Residents voice their Grand visions
Post Independent Staff
Imagine a Grand Avenue with lots of trees, roundabouts, fewer lights and no trucks.
Some Glenwood Springs residents envisioned such a future for the city’s main thoroughfare Tuesday evening as part of day one of a three-day workshop on reclaiming Grand Avenue through traffic-calming measures.
Besides those mentioned above, some top goals residents identified Tuesday night are more mass transit on Grand, a focus on addressing traffic choke points, and a desire not to have Grand Avenue solutions create new problems in residential areas.
Tuesday evening’s brainstorming at the Glenwood Springs Community Center was part of an attempt to involve the public from the get-go in improving its main street. Too often, traffic calming consultant Dan Burden told those in attendance, traffic planning involves engineers proposing solutions, and public involvement only comes later.
“And then there starts what we call the screaming match because they weren’t involved,” Burden said.
He said while communities might seek the advice of others, it’s up to them to agree on goals and work out the details for achieving them.
“It’s never outsiders coming up with the best ideas,” Burden said.
The city of Glenwood Springs brought in Burden and fellow consultant Troy Russ this week in hopes of zeroing in on means for easing congestion on Grand Avenue and making it a more welcoming place for pedestrians, bicyclists and other nonmotorists. Before the communitywide gathering Tuesday night, the consultants also met in separate sessions with government, emergency service, education, health-care and business representatives to hear their specific concerns about Grand Avenue and discuss possible solutions with them.
Tuesday evening, they ran through ideas that have worked on thoroughfares in other communities, which they have suggested in previous visits to Glenwood Springs, such as narrower traffic lanes, wider sidewalks and fewer driveways.
But the public forum also was intended to hear what city residents want done to improve Grand. And for some, any approach that doesn’t involve getting truck and through traffic off Grand falls short.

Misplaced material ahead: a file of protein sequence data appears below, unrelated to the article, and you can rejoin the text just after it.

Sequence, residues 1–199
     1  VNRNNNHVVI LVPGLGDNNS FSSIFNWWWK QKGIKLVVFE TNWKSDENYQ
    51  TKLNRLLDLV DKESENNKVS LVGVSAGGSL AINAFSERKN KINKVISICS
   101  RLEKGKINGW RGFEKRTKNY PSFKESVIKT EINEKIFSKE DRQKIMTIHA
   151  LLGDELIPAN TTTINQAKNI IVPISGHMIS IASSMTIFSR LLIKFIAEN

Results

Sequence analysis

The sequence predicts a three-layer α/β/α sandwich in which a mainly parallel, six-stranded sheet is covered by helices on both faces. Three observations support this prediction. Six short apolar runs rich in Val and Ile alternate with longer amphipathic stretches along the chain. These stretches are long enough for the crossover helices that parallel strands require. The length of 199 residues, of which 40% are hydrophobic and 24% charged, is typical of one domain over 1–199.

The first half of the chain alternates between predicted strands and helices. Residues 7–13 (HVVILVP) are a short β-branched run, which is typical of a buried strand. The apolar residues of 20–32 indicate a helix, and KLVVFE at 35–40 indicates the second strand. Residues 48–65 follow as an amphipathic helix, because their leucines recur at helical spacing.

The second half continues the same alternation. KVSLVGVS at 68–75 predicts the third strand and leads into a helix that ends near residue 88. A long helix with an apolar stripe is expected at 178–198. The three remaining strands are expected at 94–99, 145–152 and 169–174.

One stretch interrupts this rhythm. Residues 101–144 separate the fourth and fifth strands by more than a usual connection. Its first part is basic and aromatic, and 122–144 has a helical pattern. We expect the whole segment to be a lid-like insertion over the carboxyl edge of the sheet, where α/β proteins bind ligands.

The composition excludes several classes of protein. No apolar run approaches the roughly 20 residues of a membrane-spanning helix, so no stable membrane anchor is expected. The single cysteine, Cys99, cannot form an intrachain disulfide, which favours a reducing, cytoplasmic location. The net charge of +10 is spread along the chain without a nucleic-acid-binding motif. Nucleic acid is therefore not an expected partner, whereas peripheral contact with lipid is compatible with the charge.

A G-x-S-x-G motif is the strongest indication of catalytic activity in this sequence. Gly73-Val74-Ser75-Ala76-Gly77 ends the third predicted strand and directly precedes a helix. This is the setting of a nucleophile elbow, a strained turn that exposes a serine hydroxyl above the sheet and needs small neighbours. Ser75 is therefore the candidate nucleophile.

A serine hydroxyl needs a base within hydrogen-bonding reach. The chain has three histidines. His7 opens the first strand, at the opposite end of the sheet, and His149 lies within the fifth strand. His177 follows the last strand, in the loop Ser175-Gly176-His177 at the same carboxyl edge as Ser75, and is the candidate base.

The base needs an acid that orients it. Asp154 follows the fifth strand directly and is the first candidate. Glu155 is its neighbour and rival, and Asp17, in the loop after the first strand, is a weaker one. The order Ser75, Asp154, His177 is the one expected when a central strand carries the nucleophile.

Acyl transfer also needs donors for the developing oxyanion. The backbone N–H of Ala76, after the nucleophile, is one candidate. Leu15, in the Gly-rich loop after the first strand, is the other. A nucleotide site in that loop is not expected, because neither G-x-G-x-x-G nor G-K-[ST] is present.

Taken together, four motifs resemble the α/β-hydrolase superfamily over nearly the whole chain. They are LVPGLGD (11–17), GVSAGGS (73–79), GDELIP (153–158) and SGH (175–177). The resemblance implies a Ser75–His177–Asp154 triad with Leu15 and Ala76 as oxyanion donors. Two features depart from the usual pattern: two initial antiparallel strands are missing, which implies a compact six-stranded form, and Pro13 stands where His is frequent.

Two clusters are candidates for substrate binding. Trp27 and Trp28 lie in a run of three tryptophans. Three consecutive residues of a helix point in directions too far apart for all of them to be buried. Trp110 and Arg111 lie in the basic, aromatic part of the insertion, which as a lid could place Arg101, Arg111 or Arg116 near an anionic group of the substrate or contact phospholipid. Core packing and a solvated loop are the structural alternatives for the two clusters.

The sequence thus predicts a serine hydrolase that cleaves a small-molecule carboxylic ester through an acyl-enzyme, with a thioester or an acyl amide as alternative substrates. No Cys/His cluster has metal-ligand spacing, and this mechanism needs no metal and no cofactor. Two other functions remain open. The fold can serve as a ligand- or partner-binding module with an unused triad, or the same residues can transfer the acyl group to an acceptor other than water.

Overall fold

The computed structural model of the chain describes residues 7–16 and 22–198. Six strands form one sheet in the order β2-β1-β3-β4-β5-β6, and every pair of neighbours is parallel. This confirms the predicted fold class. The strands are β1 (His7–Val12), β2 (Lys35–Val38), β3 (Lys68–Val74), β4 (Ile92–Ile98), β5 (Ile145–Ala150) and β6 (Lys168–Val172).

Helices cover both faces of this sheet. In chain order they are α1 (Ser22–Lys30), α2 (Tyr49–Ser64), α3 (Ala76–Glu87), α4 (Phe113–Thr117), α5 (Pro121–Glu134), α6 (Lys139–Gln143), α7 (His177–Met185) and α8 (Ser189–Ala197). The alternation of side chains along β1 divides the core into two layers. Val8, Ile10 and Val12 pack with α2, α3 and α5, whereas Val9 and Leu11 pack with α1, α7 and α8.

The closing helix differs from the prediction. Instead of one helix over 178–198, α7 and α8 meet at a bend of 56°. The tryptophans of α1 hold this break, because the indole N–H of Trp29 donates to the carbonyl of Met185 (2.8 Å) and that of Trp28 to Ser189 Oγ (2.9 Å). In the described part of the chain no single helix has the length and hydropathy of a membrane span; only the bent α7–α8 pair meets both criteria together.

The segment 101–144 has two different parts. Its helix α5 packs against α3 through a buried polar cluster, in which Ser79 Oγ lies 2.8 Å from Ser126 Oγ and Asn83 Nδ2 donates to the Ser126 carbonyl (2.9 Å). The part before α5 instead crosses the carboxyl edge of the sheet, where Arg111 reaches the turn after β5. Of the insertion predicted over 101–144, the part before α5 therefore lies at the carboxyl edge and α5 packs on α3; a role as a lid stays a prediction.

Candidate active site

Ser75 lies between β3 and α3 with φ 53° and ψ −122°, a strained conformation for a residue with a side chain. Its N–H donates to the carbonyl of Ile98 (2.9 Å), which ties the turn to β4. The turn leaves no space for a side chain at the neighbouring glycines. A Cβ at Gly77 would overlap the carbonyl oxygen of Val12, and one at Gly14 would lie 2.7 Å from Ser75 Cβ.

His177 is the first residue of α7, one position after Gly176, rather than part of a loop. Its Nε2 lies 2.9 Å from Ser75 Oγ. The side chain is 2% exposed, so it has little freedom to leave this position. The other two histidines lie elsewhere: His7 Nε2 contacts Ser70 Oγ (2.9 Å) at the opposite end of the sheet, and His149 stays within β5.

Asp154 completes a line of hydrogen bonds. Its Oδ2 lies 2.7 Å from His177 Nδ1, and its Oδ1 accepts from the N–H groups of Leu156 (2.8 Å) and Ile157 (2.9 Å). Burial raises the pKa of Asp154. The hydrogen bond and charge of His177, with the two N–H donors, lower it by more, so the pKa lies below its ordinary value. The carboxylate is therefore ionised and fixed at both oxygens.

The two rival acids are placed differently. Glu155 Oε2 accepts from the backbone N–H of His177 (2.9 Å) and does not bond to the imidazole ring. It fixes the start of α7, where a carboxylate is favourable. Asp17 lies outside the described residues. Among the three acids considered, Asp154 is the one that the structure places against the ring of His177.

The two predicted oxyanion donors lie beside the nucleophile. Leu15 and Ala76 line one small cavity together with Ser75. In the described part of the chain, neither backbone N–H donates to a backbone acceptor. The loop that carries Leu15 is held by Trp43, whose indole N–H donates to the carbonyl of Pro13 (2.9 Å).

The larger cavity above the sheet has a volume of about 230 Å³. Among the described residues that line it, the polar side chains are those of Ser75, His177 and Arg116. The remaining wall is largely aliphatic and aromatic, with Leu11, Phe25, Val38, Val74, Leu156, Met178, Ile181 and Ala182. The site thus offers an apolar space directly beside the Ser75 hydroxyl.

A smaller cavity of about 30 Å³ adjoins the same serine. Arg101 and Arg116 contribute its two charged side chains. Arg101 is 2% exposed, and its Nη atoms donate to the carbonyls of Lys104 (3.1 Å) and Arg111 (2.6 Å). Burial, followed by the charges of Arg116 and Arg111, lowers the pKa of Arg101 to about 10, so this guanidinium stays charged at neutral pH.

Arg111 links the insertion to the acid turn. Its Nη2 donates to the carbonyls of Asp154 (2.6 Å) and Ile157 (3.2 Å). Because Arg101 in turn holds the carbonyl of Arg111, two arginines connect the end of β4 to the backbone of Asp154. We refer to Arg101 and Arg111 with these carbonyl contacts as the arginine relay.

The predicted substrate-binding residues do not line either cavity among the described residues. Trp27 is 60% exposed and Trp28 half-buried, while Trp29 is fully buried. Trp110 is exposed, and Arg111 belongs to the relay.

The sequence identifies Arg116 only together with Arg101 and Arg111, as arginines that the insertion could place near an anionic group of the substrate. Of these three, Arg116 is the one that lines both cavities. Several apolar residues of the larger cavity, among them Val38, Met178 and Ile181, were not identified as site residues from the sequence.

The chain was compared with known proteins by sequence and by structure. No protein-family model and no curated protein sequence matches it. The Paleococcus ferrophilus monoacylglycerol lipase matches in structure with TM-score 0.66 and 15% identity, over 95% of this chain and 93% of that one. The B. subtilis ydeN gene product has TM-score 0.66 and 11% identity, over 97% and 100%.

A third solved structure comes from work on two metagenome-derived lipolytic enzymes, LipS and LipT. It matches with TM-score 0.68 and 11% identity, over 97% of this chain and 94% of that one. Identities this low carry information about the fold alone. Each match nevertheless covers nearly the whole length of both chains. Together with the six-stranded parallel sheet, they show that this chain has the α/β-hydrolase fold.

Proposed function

Dean Moffatt said ideas for improving conditions on Grand have been discussed for decades.
“It’s all window dressing until we have a bypass or alternate route,” he said.
But that goal could put supporters of a new through route at odds with others in attendance Tuesday who listed values such as scenery and recreation as being important to Glenwood. For years, the city has been eyeing the railroad corridor along the Roaring Fork River as a possible site for moving Highway 82 off of Grand. A recreation path now runs down the corridor.
Russ suggested that Glenwood look at Grand Avenue solutions beyond an alternate route. He noted that building such a route requires a lot of interagency agreement.
“You’re not going to get the answer in any short time frame and I really wouldn’t hang your hat on it,” he said.
In the meantime, he said, Glenwood can take a lesson from Winter Park, Fla., which gets a lot of through traffic on its main thoroughfare, but insists on a street design that places an emphasis on Winter Park’s needs rather than just those of pass-through motorists.
“They’re making them come through on their terms,” he said.
Although Grand Avenue is a state highway, Burden said Colorado Department of Transportation officials have expressed an interest in trying some “bold things” on Grand Avenue for the sake of the city.
“So think big,” he advised.
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